Hands-On with Lightroom’s Powerful New Masking System

In a new update, Adobe is greatly increasing the masking capabilities of its Lightroom applications as well as Adobe Camera RAW. While it is not as powerful as what is found in full-fledged Photoshop, you will find yourself wondering how you ever lived without it.

The deeper process behind bringing advanced masking in Lightroom to fruition was covered by PetaPixel last month, and I would recommend reading that article first to get acquainted with the tool panel’s concept. In summary, the Adobe team overhauled Lightroom to include the ability to perform bitmap-based masks which opens up AI-based smart selections. This is a complicated way of saying we now have tools like “Select Sky” and “Select Subject” in Lightroom, where once they were only available by diving into Photoshop.

Adobe did not stop there, however, and the way masking now works in Lightroom has really stepped up. First, all types of masks have been consolidated under a single Masking panel. When I first opened it up, I was greeted with seven pages of introduction, so you won’t be alone if it seems intimidating at first. However, the explanations are necessary because there’s a lot of new power packed into these that you might not otherwise realize.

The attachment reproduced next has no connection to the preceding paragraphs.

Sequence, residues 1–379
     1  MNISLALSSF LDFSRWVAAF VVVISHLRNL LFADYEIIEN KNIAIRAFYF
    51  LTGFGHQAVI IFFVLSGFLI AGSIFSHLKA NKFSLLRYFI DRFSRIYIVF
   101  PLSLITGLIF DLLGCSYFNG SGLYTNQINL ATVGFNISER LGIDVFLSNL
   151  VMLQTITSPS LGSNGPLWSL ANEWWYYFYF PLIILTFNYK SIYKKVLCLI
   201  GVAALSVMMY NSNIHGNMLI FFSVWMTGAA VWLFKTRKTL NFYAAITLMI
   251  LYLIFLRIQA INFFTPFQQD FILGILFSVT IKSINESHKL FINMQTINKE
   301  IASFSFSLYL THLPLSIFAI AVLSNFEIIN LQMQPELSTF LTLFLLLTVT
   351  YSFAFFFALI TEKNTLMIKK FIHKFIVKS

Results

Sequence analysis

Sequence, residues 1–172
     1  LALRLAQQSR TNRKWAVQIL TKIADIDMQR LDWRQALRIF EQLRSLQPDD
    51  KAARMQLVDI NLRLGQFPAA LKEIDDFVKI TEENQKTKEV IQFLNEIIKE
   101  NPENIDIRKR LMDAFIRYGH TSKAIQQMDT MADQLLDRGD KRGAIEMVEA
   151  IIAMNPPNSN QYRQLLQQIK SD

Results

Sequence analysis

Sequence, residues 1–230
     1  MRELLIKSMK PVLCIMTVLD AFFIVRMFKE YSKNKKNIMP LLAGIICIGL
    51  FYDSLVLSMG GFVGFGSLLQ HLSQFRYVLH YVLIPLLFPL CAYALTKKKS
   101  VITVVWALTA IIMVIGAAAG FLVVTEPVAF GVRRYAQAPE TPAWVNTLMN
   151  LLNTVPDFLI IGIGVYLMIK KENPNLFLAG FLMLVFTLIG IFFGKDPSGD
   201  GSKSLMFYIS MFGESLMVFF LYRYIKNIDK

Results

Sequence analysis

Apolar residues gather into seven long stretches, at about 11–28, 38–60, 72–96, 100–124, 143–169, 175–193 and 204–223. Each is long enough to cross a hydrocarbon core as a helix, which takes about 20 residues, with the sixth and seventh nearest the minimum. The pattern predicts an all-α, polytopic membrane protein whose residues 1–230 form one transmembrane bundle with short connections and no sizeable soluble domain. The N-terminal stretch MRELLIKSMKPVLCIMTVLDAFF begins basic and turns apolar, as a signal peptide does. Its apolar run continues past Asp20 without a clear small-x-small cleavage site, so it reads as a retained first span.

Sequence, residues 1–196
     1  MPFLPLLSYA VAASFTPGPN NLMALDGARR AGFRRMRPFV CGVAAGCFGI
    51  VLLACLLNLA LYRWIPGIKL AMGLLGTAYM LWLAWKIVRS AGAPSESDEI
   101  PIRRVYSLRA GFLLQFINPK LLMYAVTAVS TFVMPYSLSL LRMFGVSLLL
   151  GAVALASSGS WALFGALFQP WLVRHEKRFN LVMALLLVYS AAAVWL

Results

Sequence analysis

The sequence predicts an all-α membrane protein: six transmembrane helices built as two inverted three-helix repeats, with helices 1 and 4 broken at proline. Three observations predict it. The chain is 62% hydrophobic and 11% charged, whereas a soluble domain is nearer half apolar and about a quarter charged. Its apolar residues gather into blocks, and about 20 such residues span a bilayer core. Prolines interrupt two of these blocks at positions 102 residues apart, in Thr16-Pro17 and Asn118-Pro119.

Any type of mask in Lightroom can be combined with any other type of mask. This allows us for very complicated masks to be created with just a few clicks. For example, in the photo below, I wanted the mountain top to pop out with more contrast. First I made a Luminance Range mask because the sky and mountain were greatly different and could get a defined edge. Then, from the Luminance Range mask, I intersected it with a Radial Gradient, meaning that only the parts of a mask that lands within both of these tools will be used. Just like that, my mountain top was selected without the sky, foreground clouds, or any similar luminance values around the photo included.

Luminance mask applied.